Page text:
Celebrating the 4th of July at Tacoma’s Freedom Fair, the delegation encountered Perry, a retired musician, originally from Oakland. Perry noticing the young people’s provocative red shirts which read in bright letters, “Vote, to us, you matter!” and #GetCivic has called the group over to inquire about the reason they were at the fair. Bright eyed and ready to interview fair attendees, the students explain that they are hoping to answer one critical question “How do we get more people to vote?”

Optimistic and with big smiles, the students’ energy is incredibly contagious. Perry pauses reflectively as if surprised by the serious concern implied within such a question. In response, Perry describes himself as an “old timer” who played with the likes of “Tower Power and Johnny Hooker”. He makes evident that he knows about the meaning of good music because he did one thing that many people no longer do. He listened to elders. He listened because they knew more than he did about sacrifice, pain and struggle.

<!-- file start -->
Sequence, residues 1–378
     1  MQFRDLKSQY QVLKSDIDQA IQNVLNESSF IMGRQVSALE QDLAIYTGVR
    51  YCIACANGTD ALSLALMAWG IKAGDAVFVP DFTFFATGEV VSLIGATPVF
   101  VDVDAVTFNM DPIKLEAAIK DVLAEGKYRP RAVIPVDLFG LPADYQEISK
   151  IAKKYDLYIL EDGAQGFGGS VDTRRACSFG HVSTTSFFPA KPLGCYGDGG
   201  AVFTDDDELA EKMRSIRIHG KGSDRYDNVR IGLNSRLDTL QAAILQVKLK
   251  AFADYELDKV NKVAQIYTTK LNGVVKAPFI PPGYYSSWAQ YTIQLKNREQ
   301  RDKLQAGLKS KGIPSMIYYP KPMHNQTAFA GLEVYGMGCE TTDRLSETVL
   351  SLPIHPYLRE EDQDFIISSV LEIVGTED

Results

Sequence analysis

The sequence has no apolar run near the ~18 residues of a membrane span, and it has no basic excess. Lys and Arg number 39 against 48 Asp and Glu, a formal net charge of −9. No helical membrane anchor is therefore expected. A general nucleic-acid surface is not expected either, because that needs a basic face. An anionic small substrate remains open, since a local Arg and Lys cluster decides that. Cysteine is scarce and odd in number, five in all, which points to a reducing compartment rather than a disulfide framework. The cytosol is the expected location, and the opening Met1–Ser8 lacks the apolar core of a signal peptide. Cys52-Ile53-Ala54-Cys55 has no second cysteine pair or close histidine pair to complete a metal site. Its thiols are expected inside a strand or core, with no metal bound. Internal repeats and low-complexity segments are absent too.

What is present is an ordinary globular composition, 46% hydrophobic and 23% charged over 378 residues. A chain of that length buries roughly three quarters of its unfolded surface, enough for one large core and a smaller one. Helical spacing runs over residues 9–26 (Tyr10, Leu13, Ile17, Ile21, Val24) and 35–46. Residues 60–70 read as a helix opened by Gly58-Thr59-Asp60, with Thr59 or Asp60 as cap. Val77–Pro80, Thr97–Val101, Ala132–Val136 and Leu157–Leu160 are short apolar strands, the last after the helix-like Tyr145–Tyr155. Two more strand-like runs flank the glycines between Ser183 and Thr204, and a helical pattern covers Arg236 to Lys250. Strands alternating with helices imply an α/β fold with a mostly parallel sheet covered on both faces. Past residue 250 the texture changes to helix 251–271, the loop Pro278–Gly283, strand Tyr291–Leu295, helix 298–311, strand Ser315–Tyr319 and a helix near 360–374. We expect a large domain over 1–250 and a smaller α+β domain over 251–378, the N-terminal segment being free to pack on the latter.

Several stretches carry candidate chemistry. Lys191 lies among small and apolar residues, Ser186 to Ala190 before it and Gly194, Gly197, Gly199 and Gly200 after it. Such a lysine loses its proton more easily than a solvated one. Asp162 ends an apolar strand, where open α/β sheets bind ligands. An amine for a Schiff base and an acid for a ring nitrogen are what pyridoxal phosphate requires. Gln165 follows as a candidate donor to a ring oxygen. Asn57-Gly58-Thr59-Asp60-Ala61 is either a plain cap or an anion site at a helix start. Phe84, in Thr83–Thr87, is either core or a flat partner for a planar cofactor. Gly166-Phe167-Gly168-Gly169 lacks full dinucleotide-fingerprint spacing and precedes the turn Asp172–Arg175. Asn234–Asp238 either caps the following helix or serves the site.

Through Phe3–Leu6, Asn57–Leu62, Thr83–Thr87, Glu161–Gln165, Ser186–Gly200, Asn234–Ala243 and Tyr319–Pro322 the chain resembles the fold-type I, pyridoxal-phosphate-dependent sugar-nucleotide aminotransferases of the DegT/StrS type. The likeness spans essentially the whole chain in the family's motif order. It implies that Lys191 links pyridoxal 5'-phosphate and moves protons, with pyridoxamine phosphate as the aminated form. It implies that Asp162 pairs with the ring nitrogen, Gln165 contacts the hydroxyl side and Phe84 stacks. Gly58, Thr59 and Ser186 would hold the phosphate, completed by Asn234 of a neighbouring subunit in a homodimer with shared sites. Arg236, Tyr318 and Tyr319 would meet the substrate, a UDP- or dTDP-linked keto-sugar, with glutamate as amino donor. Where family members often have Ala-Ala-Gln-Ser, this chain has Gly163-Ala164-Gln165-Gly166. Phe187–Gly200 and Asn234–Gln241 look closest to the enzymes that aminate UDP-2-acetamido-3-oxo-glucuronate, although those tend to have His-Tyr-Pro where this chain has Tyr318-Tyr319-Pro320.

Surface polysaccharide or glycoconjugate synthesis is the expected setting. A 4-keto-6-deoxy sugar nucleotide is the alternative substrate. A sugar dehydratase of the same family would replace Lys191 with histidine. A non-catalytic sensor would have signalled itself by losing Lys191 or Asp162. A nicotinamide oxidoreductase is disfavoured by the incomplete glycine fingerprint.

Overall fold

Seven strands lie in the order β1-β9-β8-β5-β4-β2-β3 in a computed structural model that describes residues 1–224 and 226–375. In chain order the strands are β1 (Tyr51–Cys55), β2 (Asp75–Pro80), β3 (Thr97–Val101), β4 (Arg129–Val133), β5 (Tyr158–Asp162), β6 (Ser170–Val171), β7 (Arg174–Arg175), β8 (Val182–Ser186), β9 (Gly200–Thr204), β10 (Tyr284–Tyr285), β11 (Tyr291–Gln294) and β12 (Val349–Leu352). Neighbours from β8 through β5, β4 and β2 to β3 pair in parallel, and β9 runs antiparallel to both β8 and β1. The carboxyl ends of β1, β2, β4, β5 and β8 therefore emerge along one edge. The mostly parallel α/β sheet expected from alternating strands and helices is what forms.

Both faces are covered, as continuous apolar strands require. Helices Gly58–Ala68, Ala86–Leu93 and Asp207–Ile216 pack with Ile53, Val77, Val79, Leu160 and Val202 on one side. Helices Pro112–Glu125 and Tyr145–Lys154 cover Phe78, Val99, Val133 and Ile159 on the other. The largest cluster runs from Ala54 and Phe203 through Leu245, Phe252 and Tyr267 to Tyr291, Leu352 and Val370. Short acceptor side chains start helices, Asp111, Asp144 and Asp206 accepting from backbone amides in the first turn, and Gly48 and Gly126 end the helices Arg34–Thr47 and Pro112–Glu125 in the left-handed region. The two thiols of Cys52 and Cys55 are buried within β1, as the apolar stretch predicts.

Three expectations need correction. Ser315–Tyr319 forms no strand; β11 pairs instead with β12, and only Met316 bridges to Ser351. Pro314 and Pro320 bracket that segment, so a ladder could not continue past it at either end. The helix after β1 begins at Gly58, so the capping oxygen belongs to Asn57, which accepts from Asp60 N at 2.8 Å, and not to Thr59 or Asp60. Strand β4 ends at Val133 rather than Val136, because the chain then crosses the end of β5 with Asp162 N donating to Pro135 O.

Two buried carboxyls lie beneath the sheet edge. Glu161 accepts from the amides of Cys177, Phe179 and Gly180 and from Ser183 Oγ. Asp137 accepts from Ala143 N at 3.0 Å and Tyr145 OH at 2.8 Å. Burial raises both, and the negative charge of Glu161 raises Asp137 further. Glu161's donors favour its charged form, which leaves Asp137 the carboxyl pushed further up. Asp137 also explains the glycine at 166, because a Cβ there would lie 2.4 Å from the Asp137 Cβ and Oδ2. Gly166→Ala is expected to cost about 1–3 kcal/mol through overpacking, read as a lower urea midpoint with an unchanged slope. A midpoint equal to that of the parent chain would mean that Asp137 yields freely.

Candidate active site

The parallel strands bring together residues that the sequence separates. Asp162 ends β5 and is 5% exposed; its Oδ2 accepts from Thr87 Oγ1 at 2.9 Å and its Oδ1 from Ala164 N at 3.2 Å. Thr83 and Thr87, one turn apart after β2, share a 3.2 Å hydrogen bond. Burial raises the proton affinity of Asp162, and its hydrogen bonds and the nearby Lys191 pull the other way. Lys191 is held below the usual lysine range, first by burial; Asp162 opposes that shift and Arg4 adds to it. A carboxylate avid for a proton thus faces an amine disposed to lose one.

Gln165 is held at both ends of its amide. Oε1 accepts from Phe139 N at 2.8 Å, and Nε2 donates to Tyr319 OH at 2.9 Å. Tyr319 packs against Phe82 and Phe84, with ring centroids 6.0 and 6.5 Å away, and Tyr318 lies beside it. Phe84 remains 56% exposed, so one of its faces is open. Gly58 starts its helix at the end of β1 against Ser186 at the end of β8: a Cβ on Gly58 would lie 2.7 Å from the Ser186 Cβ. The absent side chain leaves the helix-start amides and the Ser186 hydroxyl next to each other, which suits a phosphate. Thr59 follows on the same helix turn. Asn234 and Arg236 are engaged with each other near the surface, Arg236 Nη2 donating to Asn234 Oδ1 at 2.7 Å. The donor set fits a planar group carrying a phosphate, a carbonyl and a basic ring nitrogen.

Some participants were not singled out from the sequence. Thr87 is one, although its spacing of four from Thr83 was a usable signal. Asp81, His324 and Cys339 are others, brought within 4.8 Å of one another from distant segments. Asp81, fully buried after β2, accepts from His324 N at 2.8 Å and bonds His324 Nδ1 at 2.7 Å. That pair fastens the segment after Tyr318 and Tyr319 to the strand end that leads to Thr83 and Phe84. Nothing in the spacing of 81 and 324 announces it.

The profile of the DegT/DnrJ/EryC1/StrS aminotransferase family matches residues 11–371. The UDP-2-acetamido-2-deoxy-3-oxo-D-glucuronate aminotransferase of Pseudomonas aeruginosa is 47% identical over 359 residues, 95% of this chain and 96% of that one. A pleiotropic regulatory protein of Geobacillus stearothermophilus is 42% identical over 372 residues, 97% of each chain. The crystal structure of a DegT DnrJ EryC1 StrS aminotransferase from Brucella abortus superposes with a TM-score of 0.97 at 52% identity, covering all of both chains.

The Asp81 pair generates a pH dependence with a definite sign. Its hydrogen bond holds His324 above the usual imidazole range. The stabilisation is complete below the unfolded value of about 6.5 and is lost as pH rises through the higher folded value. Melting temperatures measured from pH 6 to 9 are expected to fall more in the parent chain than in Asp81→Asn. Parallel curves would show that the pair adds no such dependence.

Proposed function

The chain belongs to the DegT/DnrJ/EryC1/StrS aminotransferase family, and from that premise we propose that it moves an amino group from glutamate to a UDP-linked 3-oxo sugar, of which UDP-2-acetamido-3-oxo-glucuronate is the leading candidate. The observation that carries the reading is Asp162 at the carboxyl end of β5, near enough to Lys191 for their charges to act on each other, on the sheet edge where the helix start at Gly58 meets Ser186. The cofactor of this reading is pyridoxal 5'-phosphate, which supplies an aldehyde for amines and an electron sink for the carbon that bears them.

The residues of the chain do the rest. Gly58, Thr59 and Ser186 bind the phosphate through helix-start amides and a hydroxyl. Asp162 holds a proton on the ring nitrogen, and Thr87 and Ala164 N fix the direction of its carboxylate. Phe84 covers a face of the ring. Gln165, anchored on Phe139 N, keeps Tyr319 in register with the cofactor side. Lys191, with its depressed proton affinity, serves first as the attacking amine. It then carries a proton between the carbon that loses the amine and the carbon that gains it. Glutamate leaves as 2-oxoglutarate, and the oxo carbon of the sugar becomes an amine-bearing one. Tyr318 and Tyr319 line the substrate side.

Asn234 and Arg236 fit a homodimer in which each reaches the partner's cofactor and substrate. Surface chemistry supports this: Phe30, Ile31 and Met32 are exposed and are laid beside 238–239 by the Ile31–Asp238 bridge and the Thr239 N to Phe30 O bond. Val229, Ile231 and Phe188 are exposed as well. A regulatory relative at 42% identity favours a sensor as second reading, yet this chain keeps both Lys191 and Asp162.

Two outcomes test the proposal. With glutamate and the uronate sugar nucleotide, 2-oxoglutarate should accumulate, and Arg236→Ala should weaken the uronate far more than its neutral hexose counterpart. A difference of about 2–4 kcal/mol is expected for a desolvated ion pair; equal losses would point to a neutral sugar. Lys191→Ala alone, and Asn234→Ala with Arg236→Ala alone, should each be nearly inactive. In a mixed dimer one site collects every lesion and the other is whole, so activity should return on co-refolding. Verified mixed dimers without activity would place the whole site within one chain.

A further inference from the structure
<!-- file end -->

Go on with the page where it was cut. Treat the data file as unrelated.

He listened because although he may have had the necessary knowledge to be a good musician, he did not have the wisdom. “If you listen, you learn. Young people, you don’t know everything,” Perry states bluntly. It’s a criticism young people know all too well. Perry goes on to explain that “wisdom is gained from listening to your elder’s stories. It helps you understand that everything that you have and how you live now. It’s not something that just happened. It took work. It took sacrifice.”

Deeply moved, the students thanked Perry for his time and marched forward toward the Puget Sound. During their time at the Freedom Fair, the students listened to over 100 people on how they can engage more people to vote. “In doing this”, one student remarked, we are “keeping alive Perry’s hope that youth learn to listen more.”